These equations may be extended to include nonlinear and time variant models by assuming that the operators Γ, {overscore (Γ)}, Φ, {overscore (Φ)} in Equations 22-25 are functions of time. In the linear case, one can show the inversion relationship between ({overscore (A)}, {overscore (B)}, {overscore (C)}, {overscore (D)}) and (A, B, C, D) as follows: By Equation (19)
and therefore with reference to Equation (21) given that u is the estimated source signals s, and Similarly, by substituting s=−{overscore (D)} In the event that {overscore (D)} is not a square matrix, and is thus not invertible, such as the case where more measurements or mixtures are obtained than sources, one can follow a generalized procedure using the pseudoinverse [{overscore (D)} In this fashion, one needs to rebuild the network with the appropriate update laws so that the network parameters become the following alternate versions of Equations (26-30):
One may solve for the parameters of A, B, C, and D to attain their solutions precisely or approximately by a variety of suitable computing techniques and appliances, including a variety of software and hardware components endowed with the practice of the invention. The input to such a computing appliance is an appropriate set of mixtures received through a plurality of detectors, with each detector receiving signals from a plurality of sources. After the processing of the input with the practice of the invention, the output from the computing device, is a set of separated signals, including restored source signals which closely estimate the original signals without interference. Using several families of information maximization criteria, a variety of optimization functions and numerical solution methods, both continuous (as in analog electronics) and discrete time (as in digital computing) may be used as appropriate, such that the signal separation problem is solved by computing the selected set of optimization functions for a given set of mixtures. One procedure for the utilization of this architecture for signal separation discrimination and recovery may be summarized as follows: 1. Construct and allocate a memory structure which is used for storing the measurements as well as the results of the data obtained from processing of the said measurements, and set measurement data acquisition or sampling rates. 2. Construct four matrices, A, B, C, and D, of appropriate dimensions. 3. Receive a new set of measurements, or mixed signals. 4. Process the incoming mixture signals and measurements by performing signal conditioning, storage and related procedures. 5. Evaluate signal separation criteria and functions. 6. Update the elements of the four matrices, or a subset of them, accordingly. 7. Accumulate evidence for modification of matrix dimensions, convergence rates, time constants and other parameters or definitions. 8. Process the new set of measurements to estimate the original signals (prior to mixing) and store results of these processes as necessary. 9. Evaluate successful separation and discrimination indicators. 10. If memory allocation or data measurement sampling rate is insufficient or inappropriate go to step 1. 11. If modification of the filter formulation is adequate continue, else go to step 2. 12. Go to step 3. Special case. One can design a special case, where the canonical form of the mixing and separation model are modified from their canonical forms in Equations (18-21) so that A, {overscore (A)}, B, {overscore (B)} are fixed. In FIGS. 6B and 7B, this special case is illustrated pictorially. In conventional signal processing terms and related techniques, in relation to the mixing model, this special case yields a set of filtered and/or delayed versions of the source signals (s), upon which the mixing matrix {overscore (C)} operates. The result of this operation is added to the result of the operation {overscore (D)}s Thus, one can rewrite Equation (10) as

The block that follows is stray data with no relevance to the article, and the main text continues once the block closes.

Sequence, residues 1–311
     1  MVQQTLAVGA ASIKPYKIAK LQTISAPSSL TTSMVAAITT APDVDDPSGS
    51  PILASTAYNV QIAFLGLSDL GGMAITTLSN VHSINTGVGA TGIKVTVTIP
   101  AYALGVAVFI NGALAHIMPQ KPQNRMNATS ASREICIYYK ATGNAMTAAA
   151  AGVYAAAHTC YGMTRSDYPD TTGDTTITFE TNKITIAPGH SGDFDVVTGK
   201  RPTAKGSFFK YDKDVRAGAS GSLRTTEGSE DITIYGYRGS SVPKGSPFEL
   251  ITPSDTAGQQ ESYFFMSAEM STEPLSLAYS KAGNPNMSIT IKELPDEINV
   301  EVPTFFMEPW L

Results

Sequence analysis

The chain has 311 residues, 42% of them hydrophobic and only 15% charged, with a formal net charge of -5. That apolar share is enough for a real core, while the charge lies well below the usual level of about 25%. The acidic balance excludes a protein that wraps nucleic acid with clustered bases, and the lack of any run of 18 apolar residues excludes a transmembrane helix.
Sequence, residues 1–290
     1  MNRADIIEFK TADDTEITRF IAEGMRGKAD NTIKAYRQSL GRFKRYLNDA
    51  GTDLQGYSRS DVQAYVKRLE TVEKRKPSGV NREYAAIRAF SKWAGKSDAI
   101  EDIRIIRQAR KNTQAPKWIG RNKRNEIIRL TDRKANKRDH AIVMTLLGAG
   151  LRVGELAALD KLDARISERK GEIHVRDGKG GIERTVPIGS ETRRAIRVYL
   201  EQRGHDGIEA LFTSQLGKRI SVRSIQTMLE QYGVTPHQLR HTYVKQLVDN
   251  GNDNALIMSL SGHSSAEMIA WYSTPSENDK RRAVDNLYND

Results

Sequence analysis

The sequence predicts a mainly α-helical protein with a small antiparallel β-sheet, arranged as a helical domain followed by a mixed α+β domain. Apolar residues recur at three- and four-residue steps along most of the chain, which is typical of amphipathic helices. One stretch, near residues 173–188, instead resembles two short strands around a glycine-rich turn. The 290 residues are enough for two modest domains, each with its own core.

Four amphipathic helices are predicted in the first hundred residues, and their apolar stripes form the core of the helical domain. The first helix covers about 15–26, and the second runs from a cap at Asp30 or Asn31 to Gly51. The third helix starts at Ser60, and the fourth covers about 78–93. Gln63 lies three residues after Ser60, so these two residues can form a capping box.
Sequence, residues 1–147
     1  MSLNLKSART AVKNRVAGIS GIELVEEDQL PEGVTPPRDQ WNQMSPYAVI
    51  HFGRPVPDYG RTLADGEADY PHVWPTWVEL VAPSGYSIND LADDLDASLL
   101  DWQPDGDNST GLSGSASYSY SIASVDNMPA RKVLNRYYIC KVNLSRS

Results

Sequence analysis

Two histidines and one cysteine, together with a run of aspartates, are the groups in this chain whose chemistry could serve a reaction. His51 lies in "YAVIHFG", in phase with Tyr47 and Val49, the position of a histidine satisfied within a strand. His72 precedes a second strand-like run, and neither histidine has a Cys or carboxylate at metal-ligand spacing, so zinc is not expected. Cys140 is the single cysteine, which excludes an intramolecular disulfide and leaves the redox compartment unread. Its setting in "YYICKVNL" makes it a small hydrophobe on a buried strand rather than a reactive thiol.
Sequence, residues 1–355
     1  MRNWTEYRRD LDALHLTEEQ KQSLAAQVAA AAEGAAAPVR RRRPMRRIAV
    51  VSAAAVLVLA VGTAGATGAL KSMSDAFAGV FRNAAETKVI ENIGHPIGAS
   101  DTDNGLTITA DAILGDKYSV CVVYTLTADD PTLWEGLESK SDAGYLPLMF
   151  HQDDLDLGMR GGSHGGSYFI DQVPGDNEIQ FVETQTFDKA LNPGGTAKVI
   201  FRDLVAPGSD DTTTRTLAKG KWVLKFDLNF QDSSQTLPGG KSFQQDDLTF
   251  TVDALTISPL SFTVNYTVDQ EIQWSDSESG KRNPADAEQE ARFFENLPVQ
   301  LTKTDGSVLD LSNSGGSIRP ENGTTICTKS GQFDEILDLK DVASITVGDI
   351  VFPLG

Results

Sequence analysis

Similarly, in relation to the separation model and architecture, this special case yields a set of filtered and/or delayed versions of the mixtures m, upon which the matrix C operates. The result of this operation is summed with the result of the operation D on m to obtain the separated signals u.